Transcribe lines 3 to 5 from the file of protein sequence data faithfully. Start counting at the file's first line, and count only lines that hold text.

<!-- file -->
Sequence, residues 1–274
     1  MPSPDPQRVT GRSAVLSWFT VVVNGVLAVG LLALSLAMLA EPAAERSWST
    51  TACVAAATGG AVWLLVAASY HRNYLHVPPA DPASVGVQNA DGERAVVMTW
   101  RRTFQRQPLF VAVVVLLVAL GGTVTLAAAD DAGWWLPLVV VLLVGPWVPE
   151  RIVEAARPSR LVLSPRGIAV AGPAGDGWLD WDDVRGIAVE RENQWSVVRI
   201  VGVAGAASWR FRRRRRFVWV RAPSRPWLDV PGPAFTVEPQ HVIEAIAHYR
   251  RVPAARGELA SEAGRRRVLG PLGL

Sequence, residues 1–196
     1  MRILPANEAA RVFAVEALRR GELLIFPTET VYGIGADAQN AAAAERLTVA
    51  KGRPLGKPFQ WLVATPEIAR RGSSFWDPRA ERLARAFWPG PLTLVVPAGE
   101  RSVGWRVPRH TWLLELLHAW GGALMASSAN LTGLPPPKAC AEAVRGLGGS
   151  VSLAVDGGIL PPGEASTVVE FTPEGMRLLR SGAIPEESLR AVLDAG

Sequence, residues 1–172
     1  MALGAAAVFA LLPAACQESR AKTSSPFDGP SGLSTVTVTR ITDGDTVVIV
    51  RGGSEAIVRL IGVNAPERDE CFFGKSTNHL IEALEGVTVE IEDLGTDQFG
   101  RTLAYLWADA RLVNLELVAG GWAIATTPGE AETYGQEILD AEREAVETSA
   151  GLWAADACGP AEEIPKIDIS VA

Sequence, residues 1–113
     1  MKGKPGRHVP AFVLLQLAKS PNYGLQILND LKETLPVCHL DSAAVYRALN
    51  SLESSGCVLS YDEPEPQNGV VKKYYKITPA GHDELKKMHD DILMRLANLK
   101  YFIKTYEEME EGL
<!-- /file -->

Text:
    51  TACVAAATGG AVWLLVAASY HRNYLHVPPA DPASVGVQNA DGERAVVMTW
   101  RRTFQRQPLF VAVVVLLVAL GGTVTLAAAD DAGWWLPLVV VLLVGPWVPE
   151  RIVEAARPSR LVLSPRGIAV AGPAGDGWLD WDDVRGIAVE RENQWSVVRI